Cooking with a Difference

Our initial baseline findings before starting off the improved cook stove project in Kisumu East indicated that people are more than willing to shift from using traditional cook stoves to using improved cook stoves only if they perceive a genuine utility value in adopting the improved cook stove. The success of improved cook stoves depends much on its design. The design ought to be well adapted to people’s needs keeping in mind the general design principles of efficiency, emission reduction and ergonomics characteristics that the carbon zero stove exhibit.

The recently concluded Monitoring Kitchen Survey conducted in Kisumu East in August 2016 led us to a household where Masela Odero, a 73 year old widow who lives with her daughter in law in Simboi village that is about 12kms from Kisumu town recounted her story.

Masela noted that “…..The three stone stove wasn’t working for me, because the stones were not stable enough to hold a cooking pot firmly. I kept struggling to adjust the stove size according to the cooking pot size and also regulating the amount of fuel was chaotic .As a result I had to bend in order to cook therefore by the time the meal was ready I was too tired to eat hence I had to look for a quick alternative source of stove .I had to pay a neighbor who was demanding 500/- ksh to build me a none portable stove, little did I know that it was the beginning of my problems.”

She continued to narrate that “First the stove consumed a lot of wood fuel since not all the heat was channeled to the cooking pot also the stove had no liner a whole log would fit in it. The smoke emitted was a major concern because there was blackening of the wall from soot and coughing was inevitable. Cooking wasn’t pleasant because the too much heat would make me stay far away from the stove, to avoid this I told my daughter in law to cook all the time, of course it made her dodge by pretending to go to the river in order to avoid cooking. In addition to all this I had to pay for repairs and maintenance of stove, the clay used was poor quality. Cooking was a chore I enjoyed but now I was made to think twice”.

Further she stated that “Just as I was about to give up on cooking carbon zero distributed improved stoves at no fee and I was a lucky beneficiary. It is fixed thus it eliminates the possibility of it toppling over when the food is being cooked or when children are around. Less firewood is used, which means that the wood burns more efficiently in the improved stove as compared to traditional cook stove. The liner minimizes the smoke emitted outside this reduces Blackening of the walls from the soot. This contributes to a great extent to the comfort of cooking making it enjoyable therefore no more dodging for Selina. For the health benefits my back does not hurt because I sit next to the stove where the heat is easily regulated. The best part about of the stove is that we have contact information of the field officers in case of issues like damages the stove is repaired free of charge hence making it affordable and sustainable for me”.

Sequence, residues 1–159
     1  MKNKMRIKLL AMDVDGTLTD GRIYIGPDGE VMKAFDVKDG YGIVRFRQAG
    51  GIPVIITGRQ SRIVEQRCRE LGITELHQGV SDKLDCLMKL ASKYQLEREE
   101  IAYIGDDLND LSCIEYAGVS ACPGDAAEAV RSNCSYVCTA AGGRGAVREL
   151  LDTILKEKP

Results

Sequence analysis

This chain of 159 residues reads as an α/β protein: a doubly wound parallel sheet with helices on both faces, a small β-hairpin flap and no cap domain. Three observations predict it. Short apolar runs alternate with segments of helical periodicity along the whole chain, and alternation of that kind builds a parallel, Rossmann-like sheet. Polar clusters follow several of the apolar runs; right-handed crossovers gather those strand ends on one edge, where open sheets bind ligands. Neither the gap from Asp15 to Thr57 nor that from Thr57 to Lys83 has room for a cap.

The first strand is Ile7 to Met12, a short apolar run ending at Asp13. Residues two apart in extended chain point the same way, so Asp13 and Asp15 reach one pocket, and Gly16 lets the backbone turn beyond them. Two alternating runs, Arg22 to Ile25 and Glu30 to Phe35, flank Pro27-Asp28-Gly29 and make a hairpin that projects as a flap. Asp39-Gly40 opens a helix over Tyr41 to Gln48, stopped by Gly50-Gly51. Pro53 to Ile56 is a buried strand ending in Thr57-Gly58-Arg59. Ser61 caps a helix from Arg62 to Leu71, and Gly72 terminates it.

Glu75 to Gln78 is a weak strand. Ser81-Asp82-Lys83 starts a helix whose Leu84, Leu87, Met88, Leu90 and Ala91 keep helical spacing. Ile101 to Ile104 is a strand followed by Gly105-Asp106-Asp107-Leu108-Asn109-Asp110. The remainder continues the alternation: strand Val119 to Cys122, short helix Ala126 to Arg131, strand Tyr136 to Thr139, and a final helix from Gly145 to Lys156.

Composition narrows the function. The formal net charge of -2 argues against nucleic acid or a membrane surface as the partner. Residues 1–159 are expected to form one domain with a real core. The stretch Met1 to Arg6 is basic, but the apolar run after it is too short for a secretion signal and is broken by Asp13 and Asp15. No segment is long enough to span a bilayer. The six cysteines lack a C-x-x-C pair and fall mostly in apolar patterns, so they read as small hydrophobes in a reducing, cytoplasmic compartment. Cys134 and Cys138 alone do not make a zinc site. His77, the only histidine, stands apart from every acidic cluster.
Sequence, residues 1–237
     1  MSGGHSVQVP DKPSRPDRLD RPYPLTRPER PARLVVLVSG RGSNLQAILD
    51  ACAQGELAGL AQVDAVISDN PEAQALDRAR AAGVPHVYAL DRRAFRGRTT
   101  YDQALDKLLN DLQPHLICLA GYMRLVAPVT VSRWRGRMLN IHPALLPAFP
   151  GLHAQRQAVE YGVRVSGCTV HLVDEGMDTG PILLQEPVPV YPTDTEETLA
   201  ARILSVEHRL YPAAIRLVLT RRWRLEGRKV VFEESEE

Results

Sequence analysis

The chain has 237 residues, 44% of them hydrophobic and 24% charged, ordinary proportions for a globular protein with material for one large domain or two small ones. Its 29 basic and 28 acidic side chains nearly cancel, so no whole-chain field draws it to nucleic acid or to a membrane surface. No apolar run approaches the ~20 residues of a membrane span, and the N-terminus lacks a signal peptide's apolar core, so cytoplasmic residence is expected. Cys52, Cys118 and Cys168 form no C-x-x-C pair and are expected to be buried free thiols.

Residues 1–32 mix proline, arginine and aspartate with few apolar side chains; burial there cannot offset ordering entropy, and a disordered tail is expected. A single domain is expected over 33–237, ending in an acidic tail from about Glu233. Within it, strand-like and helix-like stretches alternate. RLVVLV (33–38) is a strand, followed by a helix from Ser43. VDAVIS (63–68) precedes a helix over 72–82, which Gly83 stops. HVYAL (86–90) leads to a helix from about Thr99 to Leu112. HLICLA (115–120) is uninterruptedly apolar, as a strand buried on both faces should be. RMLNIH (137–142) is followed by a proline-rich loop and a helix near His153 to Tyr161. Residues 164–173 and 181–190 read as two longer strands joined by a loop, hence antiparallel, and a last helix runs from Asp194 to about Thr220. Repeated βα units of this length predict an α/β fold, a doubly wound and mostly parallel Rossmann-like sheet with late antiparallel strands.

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The above photo shows a different household a woman cooking using traditional stove.

Look at the wall full of soot and the whole log that had to be used. The cracks on the edge clearly show the stove is not stable. The smoke emitted is also very wanting.

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The above photo shows Mrs. Odero cooking on a carbon Zero Improved cook stove.

With a smile she says that ….‘‘No trace of smoke is evident, costs on wood is friendly due to low fuel consumption. Sitting next to the stove is easy since it is fixed .the wall is clean and I love cooking all over again. My sincere thanks to Carbon Zero for the great job they do in the rural communities in Kenya and beyond.”

By Christine Nabutete and Moses Maina

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CO2balance Issues 4 Ugandan Borehole VPAs under The Gold Standard

Since 2013, CO2balance has been developing a number of borehole rehabilitation projects in Uganda under the Gold Standard voluntary carbon offset scheme. After almost 2 years, we are glad to announce that 4 VPAs in the Lango sub-region (Dokolo, Alebtong and Otuke Districts) have recently issued carbon credits for the first time. This is a major achievement for everyone that has been involved in the projects, in particular our staff in Uganda who have worked extensively with the communities and other local stakeholders to garner support and ensure that there is participation at all levels. Although this may seem straightforward, in practice there are a plethora of challenges that need to be negotiated especially when operating in such remote and poverty stricken environments.